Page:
• 22. Strategies : Reinforce by giving ‘key words’ and getting students to make sentences with them. Read to the students – one or two sentence jokes Puns Riddles and absurdities……and ask them to explain them 22
  • 23. Language in Big Chunks - Discourse Understanding discourse calls for active working memory. Readers and listeners need to remember what they are interpreting while in the process of reading or listening to it. They have to be able to extract meaning from a particular sentence without forgetting the information or events that led up to it. Discourse has its expressive side. Students should be able to go beyond the dispersal of simple phrases or sentences while speaking or writing. 23
  • 24.  Speakers need to make use of a kind of verbal organisation where they need to sequence their ideas in the best possible order. They need to think about topic sentences, concluding sentences, and appropriate sequencing of their thinking. Not surprisingly, students who harbour neurodevelopmental dysfunctions at the discourse level of language are unlikely ever to be caught reading for pleasure ! They become bored and restless when expected to finish a novel or listen to a prolonged explanation in class. 24
  • 25. Challenges of language production Effective oral serves an abundance of purposes. For one thing, it correlates highly with writing skill. Quite understandably, “If you don’t talk so good, it might be you’d not write too good neither.” Children with expressive language problems come up with communication barriers at home and at school. They need plenty of practice. They need to build up their language ‘muscles’. 25
  • 26.  They should be encouraged to tell a lot of stories and describe experiences, even if it is hard for them. In school, they need opportunities to make oral presentations, especially on topics that excite them. 26
  • 27. Two languages Most often children who fare poorly with second language harbor ( knowingly or unknowingly ) neurodevelopmental dysfunctions in their first language. A child who has never fully managed to absorb completely the phonology, semantics, or sentence construction in his native language is likely to encounter even more serious problems doing so in English. 27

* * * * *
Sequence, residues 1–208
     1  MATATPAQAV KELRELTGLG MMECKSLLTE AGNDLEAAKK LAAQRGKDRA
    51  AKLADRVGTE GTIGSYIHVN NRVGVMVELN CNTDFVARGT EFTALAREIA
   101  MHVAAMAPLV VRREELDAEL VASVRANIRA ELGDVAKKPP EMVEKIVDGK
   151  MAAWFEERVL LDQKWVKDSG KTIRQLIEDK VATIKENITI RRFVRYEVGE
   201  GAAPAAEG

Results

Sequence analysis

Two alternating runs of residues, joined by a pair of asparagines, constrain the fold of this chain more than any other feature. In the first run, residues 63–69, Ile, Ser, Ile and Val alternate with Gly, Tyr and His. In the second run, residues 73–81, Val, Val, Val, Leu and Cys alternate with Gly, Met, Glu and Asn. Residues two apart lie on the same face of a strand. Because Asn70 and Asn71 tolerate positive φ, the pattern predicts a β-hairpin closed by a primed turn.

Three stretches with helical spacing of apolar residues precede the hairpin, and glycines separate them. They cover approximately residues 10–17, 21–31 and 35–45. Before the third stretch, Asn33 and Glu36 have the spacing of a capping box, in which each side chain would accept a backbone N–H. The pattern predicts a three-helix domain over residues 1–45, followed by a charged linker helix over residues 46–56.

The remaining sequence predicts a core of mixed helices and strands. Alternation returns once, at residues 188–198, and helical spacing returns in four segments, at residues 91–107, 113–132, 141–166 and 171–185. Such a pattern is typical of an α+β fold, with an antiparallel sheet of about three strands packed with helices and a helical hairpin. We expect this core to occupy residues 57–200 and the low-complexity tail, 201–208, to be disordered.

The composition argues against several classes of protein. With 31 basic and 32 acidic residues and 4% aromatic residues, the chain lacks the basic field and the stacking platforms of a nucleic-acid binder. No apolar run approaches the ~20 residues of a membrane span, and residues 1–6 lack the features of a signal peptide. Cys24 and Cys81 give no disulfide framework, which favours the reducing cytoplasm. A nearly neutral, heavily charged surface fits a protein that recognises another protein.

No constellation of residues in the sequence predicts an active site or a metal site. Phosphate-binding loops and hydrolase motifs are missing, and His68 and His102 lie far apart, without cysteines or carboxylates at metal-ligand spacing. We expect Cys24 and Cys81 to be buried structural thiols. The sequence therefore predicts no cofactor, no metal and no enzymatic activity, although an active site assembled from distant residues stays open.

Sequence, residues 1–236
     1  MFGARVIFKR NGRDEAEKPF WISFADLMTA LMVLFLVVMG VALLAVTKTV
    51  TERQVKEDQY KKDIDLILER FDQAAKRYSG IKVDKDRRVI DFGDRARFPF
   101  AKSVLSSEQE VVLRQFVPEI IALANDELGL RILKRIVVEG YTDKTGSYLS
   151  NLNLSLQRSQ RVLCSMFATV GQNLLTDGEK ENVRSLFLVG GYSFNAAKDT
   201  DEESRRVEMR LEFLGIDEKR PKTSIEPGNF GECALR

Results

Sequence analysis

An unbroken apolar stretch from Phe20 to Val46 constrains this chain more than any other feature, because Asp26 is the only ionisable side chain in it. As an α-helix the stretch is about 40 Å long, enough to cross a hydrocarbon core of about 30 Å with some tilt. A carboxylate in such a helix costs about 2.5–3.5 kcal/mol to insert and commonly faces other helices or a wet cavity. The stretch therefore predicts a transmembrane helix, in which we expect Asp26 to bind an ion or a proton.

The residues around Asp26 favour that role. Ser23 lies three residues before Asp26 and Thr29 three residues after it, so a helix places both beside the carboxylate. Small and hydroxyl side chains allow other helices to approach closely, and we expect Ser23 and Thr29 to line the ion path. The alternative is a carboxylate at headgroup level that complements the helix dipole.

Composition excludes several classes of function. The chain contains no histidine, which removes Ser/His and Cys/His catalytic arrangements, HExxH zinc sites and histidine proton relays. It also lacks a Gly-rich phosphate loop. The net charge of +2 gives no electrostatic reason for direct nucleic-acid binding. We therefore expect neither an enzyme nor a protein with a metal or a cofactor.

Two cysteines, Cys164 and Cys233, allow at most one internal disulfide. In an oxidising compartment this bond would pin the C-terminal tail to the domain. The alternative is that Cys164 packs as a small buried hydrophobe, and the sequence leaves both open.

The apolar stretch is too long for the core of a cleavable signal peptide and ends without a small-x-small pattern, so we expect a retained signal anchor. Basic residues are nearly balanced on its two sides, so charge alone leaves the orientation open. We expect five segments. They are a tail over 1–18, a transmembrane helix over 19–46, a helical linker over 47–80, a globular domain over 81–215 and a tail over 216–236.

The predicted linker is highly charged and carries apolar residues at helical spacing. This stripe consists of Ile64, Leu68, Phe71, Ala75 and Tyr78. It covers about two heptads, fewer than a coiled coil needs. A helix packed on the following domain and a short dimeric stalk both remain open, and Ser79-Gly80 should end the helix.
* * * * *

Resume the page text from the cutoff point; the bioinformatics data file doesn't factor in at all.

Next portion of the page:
• 28.  In many cases with bilingual children, it is best to stress English in school and work hard on the language levels while maintaining for at least a portion of each day the native language for everyday conversation at home. English speaking children with language dysfunctions should postpone foreign language learning until they show substantial progress in English. In fact, it is fair to say that you shouldn’t be speaking a second language until you are reading and writing well in the first one. 28
  • 29.  Incidentally, the myth abounds that very young children pick up foreign languages faster than do middle or high school learners. This is not the case !! In fact, several recent studies have shown that 14 year olds learn foreign languages much faster and more effectively than do 5 or 6 year olds. 29
  • 30. Keeping a watchful eye… Oral language needs to blossom progressively in all children – and we can help it along through rich verbal interactions. Children should be encouraged to elaborate, speak in full sentences, avoiding conversational deterrents like,”stuff’,”thing” and “whatever”. Parents should be mindful to what extent a child’s entertainment and recreational life is monopolized by visual motor ecstasy and non verbal activities. 30
  • 31.  Children need to see their parents reading, and they need to be read to as early as possible. Children can benefit from language oriented out-of- school entertainment such as scrabble, crossword puzzles and word building games. Keeping a diary is another good way to promote language skills. All students need to work on their summarization skills - since this works as a perfect bridge between memory and language. 31